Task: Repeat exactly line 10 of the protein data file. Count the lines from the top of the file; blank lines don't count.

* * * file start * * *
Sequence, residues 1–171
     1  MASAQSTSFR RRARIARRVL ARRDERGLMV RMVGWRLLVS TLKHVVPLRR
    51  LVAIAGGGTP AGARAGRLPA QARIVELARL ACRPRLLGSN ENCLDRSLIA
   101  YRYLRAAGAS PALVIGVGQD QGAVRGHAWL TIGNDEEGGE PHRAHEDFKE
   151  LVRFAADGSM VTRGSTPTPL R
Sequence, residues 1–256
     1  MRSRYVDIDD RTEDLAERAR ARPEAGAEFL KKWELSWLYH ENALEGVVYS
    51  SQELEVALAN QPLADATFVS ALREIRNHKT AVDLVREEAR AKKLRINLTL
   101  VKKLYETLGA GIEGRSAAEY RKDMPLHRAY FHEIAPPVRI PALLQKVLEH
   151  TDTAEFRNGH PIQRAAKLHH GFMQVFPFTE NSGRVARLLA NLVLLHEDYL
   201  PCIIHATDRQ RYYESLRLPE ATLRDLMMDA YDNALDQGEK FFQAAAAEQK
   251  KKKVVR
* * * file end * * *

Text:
   151  TDTAEFRNGH PIQRAAKLHH GFMQVFPFTE NSGRVARLLA NLVLLHEDYL